acronym for the four large, rapidly growing economies of Brazil, Russia, India, China



     Jim O’Neill, the chairman of Goldman Sachs Asset Management . . . is perhaps best known as the economist who nearly a decade ago coined the acronym BRIC — for Brazil, Russia, India and China — developing economies that, he said, were big enough and growing rapidly enough that no investor could afford to neglect them. The giant in that group is still China, he said, whose transformation has been so thorough that “most people, and not just investors, don’t realize the sheer dimension of its rapidly growing importance in the world economy.”


See article at: NYT 23Jan11 – Chasing the China Bandwagon



The BRIC acronym for the world’s biggest emerging economies, created by the Goldman Sachs economist Jim O’Neill a decade ago, became a somewhat self-fulfilling prophecy. It arguably diverted billions of investment from elsewhere to his chosen markets of Brazil, Russia, India and China.


Mr. O’Neill’s new bloc of large growth markets — which could be called MIST for short and is made up of Mexico, Indonesia, South Korea and Turkey — may do the same. But smaller markets with better governance could offer investors higher long-term returns.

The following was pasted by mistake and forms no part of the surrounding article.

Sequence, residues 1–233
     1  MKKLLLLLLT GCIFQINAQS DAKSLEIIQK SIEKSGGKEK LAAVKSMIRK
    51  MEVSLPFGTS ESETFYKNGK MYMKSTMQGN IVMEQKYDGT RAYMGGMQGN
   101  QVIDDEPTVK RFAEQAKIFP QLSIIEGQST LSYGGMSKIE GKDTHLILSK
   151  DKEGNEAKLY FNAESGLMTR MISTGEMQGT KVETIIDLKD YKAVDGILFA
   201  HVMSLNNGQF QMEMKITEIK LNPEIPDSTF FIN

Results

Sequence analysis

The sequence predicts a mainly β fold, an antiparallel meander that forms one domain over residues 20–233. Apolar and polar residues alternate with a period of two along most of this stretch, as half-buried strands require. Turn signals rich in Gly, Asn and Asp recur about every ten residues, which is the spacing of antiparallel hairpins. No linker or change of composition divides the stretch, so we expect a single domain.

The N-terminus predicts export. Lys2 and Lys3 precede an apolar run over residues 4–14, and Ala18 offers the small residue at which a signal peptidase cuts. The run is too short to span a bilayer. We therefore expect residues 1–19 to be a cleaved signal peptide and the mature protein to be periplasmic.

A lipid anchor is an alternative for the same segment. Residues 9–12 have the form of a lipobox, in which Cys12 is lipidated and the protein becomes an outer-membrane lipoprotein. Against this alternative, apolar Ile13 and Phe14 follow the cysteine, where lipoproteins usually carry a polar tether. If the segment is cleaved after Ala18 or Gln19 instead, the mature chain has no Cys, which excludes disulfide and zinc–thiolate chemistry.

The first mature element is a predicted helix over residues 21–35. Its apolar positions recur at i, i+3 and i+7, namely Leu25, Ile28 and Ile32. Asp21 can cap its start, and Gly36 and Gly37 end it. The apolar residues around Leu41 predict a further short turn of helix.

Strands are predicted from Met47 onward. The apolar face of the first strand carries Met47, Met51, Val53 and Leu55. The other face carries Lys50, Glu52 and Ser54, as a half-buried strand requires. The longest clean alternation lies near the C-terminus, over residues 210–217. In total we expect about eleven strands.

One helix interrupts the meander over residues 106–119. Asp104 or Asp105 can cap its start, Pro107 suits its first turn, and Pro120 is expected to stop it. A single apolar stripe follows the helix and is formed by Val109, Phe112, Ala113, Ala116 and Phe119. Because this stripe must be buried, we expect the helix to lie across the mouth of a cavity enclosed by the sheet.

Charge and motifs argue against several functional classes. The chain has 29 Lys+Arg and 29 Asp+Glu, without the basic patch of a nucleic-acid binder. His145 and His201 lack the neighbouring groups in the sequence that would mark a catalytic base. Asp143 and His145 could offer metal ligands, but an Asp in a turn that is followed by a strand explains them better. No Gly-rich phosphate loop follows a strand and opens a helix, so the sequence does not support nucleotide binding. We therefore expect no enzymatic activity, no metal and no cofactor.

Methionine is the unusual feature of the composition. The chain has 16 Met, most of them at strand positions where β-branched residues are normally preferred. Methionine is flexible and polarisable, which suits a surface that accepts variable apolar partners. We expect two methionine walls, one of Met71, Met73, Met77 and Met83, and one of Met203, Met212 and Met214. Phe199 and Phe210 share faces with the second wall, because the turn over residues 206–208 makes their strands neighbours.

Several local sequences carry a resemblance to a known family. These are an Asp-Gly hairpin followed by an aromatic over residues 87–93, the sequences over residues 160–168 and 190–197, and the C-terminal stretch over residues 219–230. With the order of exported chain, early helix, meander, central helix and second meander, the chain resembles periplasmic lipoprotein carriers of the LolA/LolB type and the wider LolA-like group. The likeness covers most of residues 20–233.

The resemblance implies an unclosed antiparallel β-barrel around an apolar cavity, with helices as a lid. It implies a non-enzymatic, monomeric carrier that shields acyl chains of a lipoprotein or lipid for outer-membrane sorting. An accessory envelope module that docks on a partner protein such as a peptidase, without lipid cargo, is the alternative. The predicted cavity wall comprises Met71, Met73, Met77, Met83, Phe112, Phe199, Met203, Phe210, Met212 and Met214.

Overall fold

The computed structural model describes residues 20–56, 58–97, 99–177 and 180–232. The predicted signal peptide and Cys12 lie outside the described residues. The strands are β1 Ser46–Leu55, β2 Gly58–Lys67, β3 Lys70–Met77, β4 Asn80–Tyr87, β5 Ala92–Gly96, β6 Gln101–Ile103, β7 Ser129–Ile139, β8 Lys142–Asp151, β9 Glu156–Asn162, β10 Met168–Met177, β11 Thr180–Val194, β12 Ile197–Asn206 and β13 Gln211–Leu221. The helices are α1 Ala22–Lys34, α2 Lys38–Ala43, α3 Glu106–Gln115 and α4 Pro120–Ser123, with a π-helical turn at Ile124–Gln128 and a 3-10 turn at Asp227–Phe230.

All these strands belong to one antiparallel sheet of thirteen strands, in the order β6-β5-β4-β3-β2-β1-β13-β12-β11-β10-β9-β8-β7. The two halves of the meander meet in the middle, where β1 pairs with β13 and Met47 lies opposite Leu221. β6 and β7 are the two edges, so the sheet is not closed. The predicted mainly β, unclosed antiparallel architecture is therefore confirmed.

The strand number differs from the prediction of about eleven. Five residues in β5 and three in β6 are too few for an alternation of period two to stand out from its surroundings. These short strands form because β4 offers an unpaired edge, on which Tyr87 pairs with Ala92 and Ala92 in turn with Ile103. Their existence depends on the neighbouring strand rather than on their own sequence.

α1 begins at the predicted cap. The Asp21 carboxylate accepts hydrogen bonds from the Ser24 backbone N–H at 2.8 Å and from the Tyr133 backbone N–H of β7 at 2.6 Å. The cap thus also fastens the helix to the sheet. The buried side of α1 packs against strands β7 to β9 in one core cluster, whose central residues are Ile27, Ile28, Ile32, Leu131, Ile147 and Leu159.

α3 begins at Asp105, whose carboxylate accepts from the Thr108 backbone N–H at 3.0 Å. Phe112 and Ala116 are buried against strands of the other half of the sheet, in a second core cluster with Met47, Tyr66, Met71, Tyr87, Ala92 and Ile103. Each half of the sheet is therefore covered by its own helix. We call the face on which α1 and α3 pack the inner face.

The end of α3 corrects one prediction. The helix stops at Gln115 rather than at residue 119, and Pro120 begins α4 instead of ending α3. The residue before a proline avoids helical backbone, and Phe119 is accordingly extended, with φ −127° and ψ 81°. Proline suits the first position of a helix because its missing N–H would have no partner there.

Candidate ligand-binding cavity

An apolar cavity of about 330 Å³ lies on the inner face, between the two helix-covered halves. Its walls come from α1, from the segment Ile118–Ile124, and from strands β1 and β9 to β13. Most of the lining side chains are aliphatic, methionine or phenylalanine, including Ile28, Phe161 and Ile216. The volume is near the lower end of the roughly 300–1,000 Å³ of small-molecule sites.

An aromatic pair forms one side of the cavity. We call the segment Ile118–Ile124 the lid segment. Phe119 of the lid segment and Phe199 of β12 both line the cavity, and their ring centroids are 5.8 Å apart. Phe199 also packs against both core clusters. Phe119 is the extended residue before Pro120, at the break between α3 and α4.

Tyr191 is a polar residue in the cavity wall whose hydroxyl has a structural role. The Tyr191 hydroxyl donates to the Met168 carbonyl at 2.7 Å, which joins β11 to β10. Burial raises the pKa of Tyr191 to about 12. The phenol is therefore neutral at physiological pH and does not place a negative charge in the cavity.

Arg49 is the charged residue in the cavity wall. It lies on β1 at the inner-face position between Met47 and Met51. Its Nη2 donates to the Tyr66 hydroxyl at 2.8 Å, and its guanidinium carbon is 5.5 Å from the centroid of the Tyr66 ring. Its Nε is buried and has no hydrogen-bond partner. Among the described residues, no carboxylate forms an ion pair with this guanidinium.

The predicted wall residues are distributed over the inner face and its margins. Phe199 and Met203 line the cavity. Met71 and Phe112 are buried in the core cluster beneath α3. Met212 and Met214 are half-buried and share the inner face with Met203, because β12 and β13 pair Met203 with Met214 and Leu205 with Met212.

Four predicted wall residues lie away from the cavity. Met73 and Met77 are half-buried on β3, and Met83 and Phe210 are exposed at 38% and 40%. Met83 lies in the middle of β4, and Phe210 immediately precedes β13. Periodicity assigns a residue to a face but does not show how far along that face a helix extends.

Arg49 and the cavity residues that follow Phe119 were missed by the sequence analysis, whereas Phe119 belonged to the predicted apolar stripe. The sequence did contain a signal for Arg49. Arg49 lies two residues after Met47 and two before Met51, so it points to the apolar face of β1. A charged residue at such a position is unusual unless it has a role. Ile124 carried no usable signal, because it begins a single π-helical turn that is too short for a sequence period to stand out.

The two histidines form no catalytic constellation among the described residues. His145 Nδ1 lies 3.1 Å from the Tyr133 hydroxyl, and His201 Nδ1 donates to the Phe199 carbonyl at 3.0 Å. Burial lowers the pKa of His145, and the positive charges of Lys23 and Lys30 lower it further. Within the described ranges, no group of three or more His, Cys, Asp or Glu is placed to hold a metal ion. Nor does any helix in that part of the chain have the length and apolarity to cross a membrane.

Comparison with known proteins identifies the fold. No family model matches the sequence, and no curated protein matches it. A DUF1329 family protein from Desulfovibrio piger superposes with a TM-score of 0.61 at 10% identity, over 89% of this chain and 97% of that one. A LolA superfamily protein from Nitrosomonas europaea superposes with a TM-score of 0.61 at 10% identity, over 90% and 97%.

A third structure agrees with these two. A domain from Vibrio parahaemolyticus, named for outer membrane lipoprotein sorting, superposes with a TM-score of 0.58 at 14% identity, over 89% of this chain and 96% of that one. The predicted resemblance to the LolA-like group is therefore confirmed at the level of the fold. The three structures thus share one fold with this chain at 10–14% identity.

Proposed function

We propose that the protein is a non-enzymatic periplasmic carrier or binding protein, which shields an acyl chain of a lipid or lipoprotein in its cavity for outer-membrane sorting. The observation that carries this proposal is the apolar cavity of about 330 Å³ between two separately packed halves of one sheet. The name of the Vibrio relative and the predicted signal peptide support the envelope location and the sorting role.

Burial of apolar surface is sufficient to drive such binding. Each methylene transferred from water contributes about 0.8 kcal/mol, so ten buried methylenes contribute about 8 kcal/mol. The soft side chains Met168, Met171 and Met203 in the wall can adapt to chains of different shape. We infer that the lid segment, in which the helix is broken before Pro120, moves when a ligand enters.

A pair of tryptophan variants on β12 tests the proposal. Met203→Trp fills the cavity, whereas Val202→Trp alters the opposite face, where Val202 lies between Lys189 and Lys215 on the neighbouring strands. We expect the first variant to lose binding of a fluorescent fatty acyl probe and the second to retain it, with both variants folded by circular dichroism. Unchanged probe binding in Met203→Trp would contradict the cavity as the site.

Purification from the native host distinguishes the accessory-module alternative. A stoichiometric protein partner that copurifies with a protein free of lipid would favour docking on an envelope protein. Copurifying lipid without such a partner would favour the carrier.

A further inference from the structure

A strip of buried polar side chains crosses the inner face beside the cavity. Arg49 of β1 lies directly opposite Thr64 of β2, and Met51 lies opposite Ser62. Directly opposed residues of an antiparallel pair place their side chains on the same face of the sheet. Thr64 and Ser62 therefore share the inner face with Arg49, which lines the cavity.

The BRIC grouping in 2001 was well timed. With global interest rates low for several years after its coinage, large money pools were actively seeking new investment opportunities. Growth in Asia made investing there appealing. And the active marketing of the BRIC concept attracted large amounts of money to Russia and Brazil that otherwise might not have flowed to either country, and thereby increased growth in both.


See article at: NYT 24Jan11 – Turning the Focus to Governance


See related posts: MIST